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 Images courtesy of Free Digital Photos

Schools back – Children disputes

back-to-schoolWith the return of the new academic year many children will start school with parents who are still at loggerheads over a recent separation.

At this time it is so important for the parents to commit to working together so that the child’s school year starts smoothly.  However, this won’t always be possible and for the non-resident parent it can be so difficult to exercise your parental rights.

Here are 5 tips that you may find useful in ensuring that you are fully engaged in your child’s education.

1) Your child’s school should always be told if there is some upheaval in the child’s family life.  Try to have a discreet word with your child’s teacher about the change in circumstances.

2) Check whether you have parental responsibility for your child.  If you do, provide evidence of this to the headteacher and ask that all teachers who come into contact with your child are aware that you have parental responsibility.  If not then seek legal advice on how to get parental responsibility.

3) Make sure that the school has your up to date contact details.  Many schools use  a text messaging service.  Ask if your child’s school uses this and make sure they have your mobile number – this way letters to you won’t get “lost in the post”.

4) Continue (or start!) to help your child with homework and extra curricular activities.  Many children often complain of boredom when visiting the non-resident parent.  Try to make your child’s life carry on as usual even when they are with you.  Remember, when your child is with you, you need to be mum and dad.

and finally..

5) Be empowered …Have confidence in your new role as a single parent.  Children often sense when parents are unsure (I know mine can).  Let your child know (or belief) that you are in control and you know exactly how to be mum and dad – at the same time.

Good Luck!

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Want to use this article in your networks? You can, but you MUST include the following:

Rachel Toussaint is a Consultant Solicitor at Rogols Consultancy, Birmingham UK.  She is a human rights advocate especially as it relates to immigration, family law & civic duty.  She is also a consultant for small businesses and entrepreneurs. In her blog she shares legal tips to empower clients to quickly and effectively resolve their legal disputes. http://www.racheltoussaint.wordpress.com

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 Images courtesy of Free Digital Photos

Don’t Forget the Kids

broken homeAs a Solicitor with many years of practice in children disputes I would say that most cases that end up in court contesting access to children arise because of a little known concept of parental alienation.

I would go as far as to say that very many Solicitors who deal with this area of law are not even aware of this concept.  This may, or may not, be the reason why non resident parents receive a letter declaring that the children no longer wish to see their parent.  What is behind this?  Could it all be the fault of the resident parent, effectively poisoning the child against their parent.  I don’t think so.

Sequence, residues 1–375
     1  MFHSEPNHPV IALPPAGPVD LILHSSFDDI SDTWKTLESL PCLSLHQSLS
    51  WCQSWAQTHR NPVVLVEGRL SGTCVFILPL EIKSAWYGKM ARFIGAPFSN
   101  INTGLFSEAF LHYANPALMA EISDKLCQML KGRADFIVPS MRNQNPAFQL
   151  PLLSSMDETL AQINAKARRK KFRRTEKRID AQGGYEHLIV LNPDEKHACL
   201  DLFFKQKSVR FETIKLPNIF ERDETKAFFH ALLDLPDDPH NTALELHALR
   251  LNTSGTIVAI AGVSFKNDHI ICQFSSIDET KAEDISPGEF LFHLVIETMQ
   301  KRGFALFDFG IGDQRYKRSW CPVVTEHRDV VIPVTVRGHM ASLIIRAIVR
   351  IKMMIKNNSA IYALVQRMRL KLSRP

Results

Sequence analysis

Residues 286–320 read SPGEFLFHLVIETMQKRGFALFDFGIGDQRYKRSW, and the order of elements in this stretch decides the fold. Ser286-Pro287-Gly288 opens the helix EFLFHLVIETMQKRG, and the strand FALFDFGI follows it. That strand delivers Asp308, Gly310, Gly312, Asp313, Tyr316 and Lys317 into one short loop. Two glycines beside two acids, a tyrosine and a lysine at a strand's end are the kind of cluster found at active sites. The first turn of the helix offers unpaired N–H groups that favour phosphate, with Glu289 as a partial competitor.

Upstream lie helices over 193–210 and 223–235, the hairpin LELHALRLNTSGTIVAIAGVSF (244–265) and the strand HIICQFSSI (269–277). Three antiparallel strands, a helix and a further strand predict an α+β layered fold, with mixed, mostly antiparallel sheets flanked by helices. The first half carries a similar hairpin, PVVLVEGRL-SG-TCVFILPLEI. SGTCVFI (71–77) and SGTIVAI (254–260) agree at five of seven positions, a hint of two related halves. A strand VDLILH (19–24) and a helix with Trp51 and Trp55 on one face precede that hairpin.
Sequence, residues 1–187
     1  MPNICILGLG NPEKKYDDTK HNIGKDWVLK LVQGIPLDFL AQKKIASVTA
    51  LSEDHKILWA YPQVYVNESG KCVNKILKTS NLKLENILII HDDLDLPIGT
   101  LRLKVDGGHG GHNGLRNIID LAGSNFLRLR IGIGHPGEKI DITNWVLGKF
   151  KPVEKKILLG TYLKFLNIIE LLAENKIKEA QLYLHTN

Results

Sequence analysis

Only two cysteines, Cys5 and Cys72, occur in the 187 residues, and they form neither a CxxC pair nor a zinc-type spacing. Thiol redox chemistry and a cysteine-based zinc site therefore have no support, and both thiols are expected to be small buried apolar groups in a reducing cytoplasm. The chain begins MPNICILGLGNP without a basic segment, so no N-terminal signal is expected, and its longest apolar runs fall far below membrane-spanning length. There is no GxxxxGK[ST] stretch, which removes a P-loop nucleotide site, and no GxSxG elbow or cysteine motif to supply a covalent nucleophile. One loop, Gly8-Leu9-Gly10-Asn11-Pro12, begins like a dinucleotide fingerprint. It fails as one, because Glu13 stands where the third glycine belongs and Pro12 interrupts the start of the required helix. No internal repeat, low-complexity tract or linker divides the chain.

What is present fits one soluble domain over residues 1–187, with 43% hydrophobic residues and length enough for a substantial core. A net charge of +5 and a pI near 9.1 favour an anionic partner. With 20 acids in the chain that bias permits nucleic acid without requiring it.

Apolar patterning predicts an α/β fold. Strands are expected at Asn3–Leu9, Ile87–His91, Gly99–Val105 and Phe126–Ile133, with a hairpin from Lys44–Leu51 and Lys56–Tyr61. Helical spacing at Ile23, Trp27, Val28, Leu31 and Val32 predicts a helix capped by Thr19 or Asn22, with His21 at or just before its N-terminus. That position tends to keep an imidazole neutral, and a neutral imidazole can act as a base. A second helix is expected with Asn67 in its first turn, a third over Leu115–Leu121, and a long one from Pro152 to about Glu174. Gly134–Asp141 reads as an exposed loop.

How many times, during court proceedings, do we hear resident parents saying that the other parent has made no effort with the children when we clearly in the middle of court proceedings.  Court proceedings by its very nature are a clear indication that the non resident parent is intent on making an effort in the children’s life.  So why does the resident parent become so opposed to contact taking place between the children and their parent.

I have come to believe that following the breakdown of a relationship both parents often take a casual approach to resolving issues around the children.  This means that decisions around maintaining the children financially and sharing time with the children are never really discussed.  This leads to a lot of confusion later on.

My advice would be that parents faced with separation should take a robust approach to resolving issues around children.  Just before you storm up in an upset state, stop take a deep breath, sit down explain that you will be leaving and won’t be coming back and then spend some time deciding what is going to happen about the children.

Image courtesy of FreeDigitalPhotos.net

Equally, if you return home to find that your spouse has left taking the children, don’t let the dust settle before trying to solve issues around the children.  For a parent who became used to having a helping hand with the kids during the relationship, the reality of looking after the children alone can often be an unexpected shock.  So the days you take moping around licking your wounds are the same crucial days that the resident parent uses to adjust to their new single parent life.  By the time you get around to visiting your children, you may find that you are “surplus to requirements”.

Once the damage is done, it can be very difficult to undo.  By dealing with things sooner rather than later, you may be able to avoid a long drawn out dispute about the rights of you as a parent and the children to have a substantially relationship with each other.

 

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Want to use this article in your networks? You can, but you MUST include the following:

Rachel Toussaint is a Consultant Solicitor at Rogols Consultancy, Birmingham UK.  She is a human rights advocate especially as it relates to immigration, family law & civic duty.  She is also a consultant for small businesses and entrepreneurs. In her blog she shares legal tips to empower clients to quickly and effectively resolve their legal disputes. http://www.racheltoussaint.wordpress.com

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 Images courtesy of Free Digital Photos